Defending equity in research against the AI threat

Margaret Sheil presents an observation about career metrics, although it would be appropriately named “Sheil’s Law of Performance Measures.”

“The more seemingly precise or informative a new indicator, especially if applied as a solution, the less scrutiny there is of the quality and opportunities for individuals to whom it is applied.”

It sets the context for comments in a paper for Elsevier by the QUT VC, on metrics for career achievement and national research output.

In the case of measuring individual merit, it is something she observed close-up, as a young scientist, observing the ways research metrics discriminate against people with interrupted or non-linear careers, “mostly women with caring responsibilities.”

“Talent is broadly distributed; opportunity is not. So whether we are selecting for admission to our universities or recruiting staff, we must not start with the assumption that each has the same opportunity to develop or demonstrate their ability,” she writes.

But performance relative to opportunity is not easily identified – the H index may be an improvement on a straightforward list of publications, but it still does not adjust for people with less time for the citations per pub to pile up. And even at ECR stage, women do worse, because men get better breaks, opportunities for first-authorship, for example, which show-up in the metrics.

Professor Sheil points to problems with metrics at the macro – reporting consequences of the late, if not lamented by her, Excellence for Research in Australia, developed while she led the Australian Research Council. “A challenge for a national research measurement exercise is that it is impossible to not influence what you are trying to measure,” she warns, adding that ERA should not be replaced by a metric-only assessment – a view which may not prevail in the current debate on post ERA assessment.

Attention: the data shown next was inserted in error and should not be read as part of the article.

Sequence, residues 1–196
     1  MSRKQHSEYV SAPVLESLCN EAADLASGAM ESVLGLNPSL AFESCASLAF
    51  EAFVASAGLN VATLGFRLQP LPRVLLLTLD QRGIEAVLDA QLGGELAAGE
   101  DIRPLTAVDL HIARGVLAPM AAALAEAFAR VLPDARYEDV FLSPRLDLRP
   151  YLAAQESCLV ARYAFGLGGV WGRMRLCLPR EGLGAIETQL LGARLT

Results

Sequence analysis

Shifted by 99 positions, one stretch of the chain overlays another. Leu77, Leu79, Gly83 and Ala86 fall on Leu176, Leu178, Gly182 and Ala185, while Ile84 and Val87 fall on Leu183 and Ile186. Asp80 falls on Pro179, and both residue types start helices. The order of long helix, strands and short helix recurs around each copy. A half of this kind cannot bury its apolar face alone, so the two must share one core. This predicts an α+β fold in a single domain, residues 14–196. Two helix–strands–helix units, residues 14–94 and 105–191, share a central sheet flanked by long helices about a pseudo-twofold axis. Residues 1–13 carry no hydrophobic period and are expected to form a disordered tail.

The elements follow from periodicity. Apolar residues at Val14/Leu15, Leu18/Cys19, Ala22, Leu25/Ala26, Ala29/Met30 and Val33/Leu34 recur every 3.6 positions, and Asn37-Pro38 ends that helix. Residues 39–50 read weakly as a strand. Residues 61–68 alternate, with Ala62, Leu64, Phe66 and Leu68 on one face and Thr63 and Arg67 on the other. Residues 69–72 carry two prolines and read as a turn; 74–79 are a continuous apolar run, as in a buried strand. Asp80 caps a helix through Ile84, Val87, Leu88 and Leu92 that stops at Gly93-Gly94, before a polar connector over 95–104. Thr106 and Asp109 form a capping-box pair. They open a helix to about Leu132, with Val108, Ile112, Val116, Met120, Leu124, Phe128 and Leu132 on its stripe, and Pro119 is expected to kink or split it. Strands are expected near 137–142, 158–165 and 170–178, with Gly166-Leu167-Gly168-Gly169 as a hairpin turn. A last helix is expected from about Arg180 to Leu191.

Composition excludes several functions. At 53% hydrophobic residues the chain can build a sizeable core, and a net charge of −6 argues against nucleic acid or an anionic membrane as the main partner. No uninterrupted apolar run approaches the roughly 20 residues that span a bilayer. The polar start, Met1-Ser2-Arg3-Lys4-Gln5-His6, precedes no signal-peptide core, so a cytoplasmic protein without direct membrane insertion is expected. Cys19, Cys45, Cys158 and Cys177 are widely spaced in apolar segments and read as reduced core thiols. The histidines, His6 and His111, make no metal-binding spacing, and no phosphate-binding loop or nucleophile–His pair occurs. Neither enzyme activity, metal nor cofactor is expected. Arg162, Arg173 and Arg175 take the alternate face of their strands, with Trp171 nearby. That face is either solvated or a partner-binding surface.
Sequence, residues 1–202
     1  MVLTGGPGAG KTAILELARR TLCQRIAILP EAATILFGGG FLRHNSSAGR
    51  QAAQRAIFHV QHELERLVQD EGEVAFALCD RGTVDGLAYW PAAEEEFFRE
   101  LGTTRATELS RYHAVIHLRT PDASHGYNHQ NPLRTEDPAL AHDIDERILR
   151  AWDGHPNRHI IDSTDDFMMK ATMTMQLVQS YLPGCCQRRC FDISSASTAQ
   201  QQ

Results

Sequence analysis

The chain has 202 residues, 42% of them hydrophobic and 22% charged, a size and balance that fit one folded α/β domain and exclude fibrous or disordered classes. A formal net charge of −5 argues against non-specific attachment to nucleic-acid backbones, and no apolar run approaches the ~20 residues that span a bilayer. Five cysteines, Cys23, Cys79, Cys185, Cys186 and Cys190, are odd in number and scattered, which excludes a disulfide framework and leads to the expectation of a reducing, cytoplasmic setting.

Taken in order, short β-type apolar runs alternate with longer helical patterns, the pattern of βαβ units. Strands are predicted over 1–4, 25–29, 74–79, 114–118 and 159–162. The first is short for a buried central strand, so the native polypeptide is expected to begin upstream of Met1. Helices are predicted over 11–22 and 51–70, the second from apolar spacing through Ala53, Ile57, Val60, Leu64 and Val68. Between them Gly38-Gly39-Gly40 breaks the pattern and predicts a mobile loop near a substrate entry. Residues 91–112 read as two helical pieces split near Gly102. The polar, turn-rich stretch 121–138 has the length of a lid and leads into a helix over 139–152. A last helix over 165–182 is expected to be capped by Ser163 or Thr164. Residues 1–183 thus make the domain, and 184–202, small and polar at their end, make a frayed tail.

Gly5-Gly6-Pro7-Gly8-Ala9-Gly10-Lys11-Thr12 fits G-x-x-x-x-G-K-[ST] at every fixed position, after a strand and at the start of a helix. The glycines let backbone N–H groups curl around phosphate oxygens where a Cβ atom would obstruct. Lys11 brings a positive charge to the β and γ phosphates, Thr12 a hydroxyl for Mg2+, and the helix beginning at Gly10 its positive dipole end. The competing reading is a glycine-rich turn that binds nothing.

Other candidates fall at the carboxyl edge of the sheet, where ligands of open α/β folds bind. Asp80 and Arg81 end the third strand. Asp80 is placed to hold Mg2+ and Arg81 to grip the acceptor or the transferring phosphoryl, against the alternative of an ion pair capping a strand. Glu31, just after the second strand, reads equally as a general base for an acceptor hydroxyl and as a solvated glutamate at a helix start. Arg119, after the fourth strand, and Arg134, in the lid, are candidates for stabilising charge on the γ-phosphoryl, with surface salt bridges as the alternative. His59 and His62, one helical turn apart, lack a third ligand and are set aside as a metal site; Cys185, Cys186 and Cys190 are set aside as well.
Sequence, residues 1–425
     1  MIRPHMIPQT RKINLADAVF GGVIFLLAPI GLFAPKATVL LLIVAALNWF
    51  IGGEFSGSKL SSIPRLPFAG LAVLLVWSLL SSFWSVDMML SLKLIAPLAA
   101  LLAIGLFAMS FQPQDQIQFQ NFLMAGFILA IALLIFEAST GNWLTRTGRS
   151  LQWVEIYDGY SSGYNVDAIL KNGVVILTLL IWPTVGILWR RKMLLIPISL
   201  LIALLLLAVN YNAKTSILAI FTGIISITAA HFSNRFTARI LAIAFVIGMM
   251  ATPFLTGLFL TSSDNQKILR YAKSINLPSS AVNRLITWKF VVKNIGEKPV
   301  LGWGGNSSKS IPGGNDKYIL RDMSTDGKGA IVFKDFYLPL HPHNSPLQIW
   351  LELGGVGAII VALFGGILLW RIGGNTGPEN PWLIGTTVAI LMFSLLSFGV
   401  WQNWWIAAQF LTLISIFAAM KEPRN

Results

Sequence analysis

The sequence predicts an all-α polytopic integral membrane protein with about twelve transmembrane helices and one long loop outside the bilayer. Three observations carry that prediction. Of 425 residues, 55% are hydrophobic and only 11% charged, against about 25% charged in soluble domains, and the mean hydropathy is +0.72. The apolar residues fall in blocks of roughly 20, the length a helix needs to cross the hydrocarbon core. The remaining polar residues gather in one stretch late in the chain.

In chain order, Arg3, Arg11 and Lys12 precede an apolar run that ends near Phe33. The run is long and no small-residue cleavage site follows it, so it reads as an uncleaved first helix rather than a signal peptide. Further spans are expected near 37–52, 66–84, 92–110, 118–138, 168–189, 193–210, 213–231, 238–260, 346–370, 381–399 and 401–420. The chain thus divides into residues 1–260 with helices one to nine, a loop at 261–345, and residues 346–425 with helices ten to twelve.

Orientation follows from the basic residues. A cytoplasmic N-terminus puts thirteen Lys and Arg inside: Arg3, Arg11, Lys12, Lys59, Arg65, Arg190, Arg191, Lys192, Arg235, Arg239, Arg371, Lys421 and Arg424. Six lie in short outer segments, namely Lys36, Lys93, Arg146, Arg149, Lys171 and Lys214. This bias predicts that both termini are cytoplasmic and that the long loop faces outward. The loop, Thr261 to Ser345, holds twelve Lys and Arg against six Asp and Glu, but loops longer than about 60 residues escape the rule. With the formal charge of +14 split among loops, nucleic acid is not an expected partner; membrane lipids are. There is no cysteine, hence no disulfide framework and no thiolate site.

So how to defeat the seductive power of metrics, which “provide the illusion of accuracy … save time and reduce the cost of assessment”?

Professor Sheil suggests DORA can deliver. The Declaration on Research Assessment rejects one-stop metrics “as a surrogate measure of the quality of individual research articles, to assess an individual scientist’s contributions, or in hiring, promotion, or funding decisions.”  She writes that QUT is now working on principles, “that will align with best practice in research assessment.”

It’s a stand taken in defence of equity, “we recognise the inevitability and increasing attractiveness of more sophisticated search and artificial intelligence tools, each of which may introduce discrimination and biases affecting different groups and individuals.”



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